Case 2 (Zamboanguita, Negros Oriental, Philippines, 1981; Photo 13.9, copyright van der Leeuw). A variant makes the rim out of a coil of moist clay that is placed on the bottom of a fired vessel that stands upside-down (i.e., on its rim) on a flat surface, and which can turn (unpivoted). The pot is turned with one hand, the rim shaped between the thumb and the index finger of the other, which holds a piece of wet cloth. The rim is then set away to dry. Later, the potter fixes a flat “pizza” of clay to the underside of the rim and places the combination back in the sun for some more drying. The next day, the rest of the pot is shaped out of the pizza by means of the same paddle and anvil action. After some more drying, it is polished and prepared for firing.

Photo 13.9 Another female potter in Zamboanguita, Negros Oriental, Philippines is shaping a coil of clay on an inverted, fired pot covered by a piece of coarse fabric that serves as a mold. This coil will be shaped into the rim and upper shoulder of the vessel. The fabric serves to ensure that the wet clay does not stick to the inverted pot. Behind her stand some finished pots, and lies a paddle with which the vessels are given their final shape.

Case 3 (Zamboanguita, 1981; Photo 13.10 copyright van der Leeuw). Here, both the upper and the lower part are made separately over an upside-down fired vessel that, as in the last case, can turn unpivoted. The upper part may consist of the rim alone, but more often consists of everything above the maximum diameter. Both the upper and the lower parts are formed by placing one or more coils of paste on a sheet of plastic that covers the mold. The clay is smoothed over the mold both with the hands and with the paddle (so that, sometimes, the mold literally serves as a large anvil). Both parts are left to dry for some time and are then joined. The joint is strengthened by beating it with a paddle on a proper (small) anvil. The vessel is then set away to dry until it can be fired.

Photo 13.10a The same potter now shapes the base of a vessel over the inverted pot. After some drying, it will be united with one of the pre-shaped rims that lie in front of her, drying in the sun.

Photo 13.10b Once the two pieces have been joined, as in this photo, and have had some time to dry a little, the potter gives the vessels their final form by thinning their wall between a paddle (as seen in photo 13.9) and a rounded stone or piece of wood that serves as an anvil. Once that is done the vessel can be dried and fired.

Case 4 (San Carlos City, Negros Oriental, Philippines, 1981; Photo 13.11, copyright van der Leeuw). The sequence of steps constituting this production method is essentially the same as in case 1, but many more vessels are produced per unit time and the vessels are much larger. The support is in some cases a large potter’s wheel (made from a truck wheel) that does not differ from that used in thirteenth-century Holland for throwing. But in this case, the wheel is used as a turntable, rather than a true potter’s wheel. It was installed by the potter after he saw on a (Japanese) film of people throwing pots. But when asked he admitted that he had never been able to use it for that purpose. In the end he gave up and used the wheel simply as a turntable for the largest vessels he was making.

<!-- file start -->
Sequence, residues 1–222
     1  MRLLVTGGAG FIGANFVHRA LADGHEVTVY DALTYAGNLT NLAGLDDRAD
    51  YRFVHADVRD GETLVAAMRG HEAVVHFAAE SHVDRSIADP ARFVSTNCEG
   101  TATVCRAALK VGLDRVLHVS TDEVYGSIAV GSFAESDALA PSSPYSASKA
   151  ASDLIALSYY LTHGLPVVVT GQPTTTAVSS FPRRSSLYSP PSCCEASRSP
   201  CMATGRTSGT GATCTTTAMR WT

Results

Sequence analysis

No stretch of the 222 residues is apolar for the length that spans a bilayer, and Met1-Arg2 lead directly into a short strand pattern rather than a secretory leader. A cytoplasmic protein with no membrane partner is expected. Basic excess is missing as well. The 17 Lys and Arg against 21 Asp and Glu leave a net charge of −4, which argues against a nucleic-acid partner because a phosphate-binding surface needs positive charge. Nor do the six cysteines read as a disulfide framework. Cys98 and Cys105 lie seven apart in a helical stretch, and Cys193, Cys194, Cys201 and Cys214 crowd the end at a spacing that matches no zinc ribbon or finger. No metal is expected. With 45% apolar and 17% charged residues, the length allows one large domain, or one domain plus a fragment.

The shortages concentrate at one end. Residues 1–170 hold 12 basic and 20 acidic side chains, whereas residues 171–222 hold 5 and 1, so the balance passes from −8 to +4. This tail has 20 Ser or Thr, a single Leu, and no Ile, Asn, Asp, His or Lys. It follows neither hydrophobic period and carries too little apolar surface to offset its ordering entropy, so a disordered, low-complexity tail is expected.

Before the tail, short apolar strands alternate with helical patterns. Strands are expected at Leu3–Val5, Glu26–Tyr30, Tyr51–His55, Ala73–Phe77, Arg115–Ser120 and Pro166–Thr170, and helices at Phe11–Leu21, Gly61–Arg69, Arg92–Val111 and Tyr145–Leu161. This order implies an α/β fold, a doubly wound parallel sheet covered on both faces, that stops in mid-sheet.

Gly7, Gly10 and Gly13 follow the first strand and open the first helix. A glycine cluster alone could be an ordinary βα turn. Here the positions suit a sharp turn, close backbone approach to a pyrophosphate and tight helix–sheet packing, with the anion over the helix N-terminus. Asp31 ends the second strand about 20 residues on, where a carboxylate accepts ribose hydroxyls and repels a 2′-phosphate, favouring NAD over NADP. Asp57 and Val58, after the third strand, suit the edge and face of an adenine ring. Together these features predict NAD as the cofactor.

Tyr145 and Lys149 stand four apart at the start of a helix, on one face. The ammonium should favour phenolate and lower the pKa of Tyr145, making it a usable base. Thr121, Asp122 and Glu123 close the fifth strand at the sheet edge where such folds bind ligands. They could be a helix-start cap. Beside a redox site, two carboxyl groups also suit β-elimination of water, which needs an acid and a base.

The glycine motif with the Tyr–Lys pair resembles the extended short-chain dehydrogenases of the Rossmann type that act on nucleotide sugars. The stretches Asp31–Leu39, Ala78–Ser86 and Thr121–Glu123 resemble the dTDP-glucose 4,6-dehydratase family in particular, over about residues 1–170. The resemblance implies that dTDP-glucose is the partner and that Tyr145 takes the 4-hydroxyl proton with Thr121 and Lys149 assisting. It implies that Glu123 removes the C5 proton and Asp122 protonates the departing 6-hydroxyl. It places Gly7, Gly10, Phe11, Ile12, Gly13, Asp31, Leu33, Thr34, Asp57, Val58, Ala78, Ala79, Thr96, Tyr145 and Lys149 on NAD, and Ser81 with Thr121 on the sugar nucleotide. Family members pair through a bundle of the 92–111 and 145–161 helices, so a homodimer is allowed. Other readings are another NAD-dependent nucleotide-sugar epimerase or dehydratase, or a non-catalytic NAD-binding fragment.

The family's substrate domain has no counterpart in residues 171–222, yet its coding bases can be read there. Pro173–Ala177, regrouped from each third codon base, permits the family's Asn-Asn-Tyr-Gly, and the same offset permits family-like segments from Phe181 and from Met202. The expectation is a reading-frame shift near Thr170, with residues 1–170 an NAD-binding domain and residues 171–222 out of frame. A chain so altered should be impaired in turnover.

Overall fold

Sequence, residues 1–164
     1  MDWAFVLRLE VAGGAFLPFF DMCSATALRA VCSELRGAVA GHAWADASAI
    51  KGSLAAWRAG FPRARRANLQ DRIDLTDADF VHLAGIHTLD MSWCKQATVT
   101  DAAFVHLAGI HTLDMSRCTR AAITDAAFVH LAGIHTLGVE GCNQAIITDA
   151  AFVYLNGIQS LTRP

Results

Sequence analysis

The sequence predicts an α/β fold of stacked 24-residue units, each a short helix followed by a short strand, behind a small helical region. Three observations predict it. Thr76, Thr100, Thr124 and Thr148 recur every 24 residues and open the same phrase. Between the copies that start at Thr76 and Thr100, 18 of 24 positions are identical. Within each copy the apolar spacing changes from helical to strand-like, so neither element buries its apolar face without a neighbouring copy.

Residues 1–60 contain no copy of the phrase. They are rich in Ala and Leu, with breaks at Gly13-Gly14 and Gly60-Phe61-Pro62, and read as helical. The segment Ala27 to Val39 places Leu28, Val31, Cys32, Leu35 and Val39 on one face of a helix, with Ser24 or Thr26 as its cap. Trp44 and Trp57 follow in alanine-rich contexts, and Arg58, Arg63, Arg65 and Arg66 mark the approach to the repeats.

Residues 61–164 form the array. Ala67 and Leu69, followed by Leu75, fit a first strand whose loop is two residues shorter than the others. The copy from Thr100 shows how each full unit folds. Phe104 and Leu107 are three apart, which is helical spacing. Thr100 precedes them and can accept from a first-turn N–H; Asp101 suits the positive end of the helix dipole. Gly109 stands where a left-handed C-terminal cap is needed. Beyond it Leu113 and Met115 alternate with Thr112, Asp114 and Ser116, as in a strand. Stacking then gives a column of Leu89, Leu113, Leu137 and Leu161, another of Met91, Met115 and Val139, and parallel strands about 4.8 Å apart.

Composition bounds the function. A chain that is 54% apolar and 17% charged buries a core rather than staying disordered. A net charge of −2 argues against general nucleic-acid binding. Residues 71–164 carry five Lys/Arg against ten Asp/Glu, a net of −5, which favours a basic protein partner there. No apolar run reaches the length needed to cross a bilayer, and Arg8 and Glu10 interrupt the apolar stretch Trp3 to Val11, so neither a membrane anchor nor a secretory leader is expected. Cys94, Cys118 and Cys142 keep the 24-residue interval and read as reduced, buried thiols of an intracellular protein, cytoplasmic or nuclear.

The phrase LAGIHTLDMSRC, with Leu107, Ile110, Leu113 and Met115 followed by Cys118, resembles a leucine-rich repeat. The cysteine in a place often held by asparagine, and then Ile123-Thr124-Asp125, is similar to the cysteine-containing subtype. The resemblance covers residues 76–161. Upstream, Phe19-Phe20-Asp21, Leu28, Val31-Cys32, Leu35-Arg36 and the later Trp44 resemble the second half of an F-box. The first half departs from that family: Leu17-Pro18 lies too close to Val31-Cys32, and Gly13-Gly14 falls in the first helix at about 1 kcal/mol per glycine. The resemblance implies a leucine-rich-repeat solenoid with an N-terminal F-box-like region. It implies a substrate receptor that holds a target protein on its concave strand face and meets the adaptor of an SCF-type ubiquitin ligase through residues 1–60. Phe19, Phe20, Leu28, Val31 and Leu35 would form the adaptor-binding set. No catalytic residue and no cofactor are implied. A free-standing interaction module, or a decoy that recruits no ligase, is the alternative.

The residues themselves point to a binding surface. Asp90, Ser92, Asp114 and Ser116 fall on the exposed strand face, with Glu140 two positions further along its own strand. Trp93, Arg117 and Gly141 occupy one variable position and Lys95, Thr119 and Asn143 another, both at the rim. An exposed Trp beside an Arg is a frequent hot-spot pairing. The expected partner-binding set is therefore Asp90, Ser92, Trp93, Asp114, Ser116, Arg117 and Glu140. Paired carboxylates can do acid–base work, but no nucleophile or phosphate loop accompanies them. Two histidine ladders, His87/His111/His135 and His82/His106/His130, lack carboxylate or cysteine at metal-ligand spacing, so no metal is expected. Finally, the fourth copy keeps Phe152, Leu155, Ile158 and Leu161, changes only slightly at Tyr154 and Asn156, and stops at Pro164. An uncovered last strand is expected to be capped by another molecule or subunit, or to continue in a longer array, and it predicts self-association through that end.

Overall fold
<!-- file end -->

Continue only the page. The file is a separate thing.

Photo 13.11a An (exceptionally male) potter in San Carlos City, Negros Oriental, Philippines shapes a vessel on a turntable by opening a lump of clay, then shaping the rim and continuing by thinning the rest of the lump somewhat between his hands.

Photo 13.11b The potter then takes the vessel off the turntable, and places it in a fabric-covered basket so that he can start working on the base of the vessel. Ultimately, the vessel wall is thinned and the vessel given its globular shape between a paddle and an anvil.

Case 5 (Dumaguete, 1981; Photo 13.12, copyright van der Leeuw). This case resembles case 3, except that the pot that serves as a mold has been mounted, again upside down, on a pivot that stands in a bamboo so that the mold can turn much more effectively. The vessels made are bigger and the production is much greater. The upper and lower halves of the vessels are made separately in small series, from several thick coils that are smoothed over the mold with the paddle. They are then joined at the maximum diameter, again between paddle and (small) anvil. They are then set apart to dry until they can be fired.

Photo 13.12 Another female potter, in Dumaguete, Negros Oriental, Philippines is shaping large vessels in two halves, by placing coils on a fired, upturned vessel that is fixed on a stick. The stick is placed in a hollow upright bamboo, so that the whole contraption can turn more freely than the turntables in the earlier photos. Three coils are shaped into the base of the vessel, and then another three coils are shaped over the same mold into its shoulder and rim (as on the photo). Finally, after some drying, the two halves are joined and left to dry until the pot can be fired.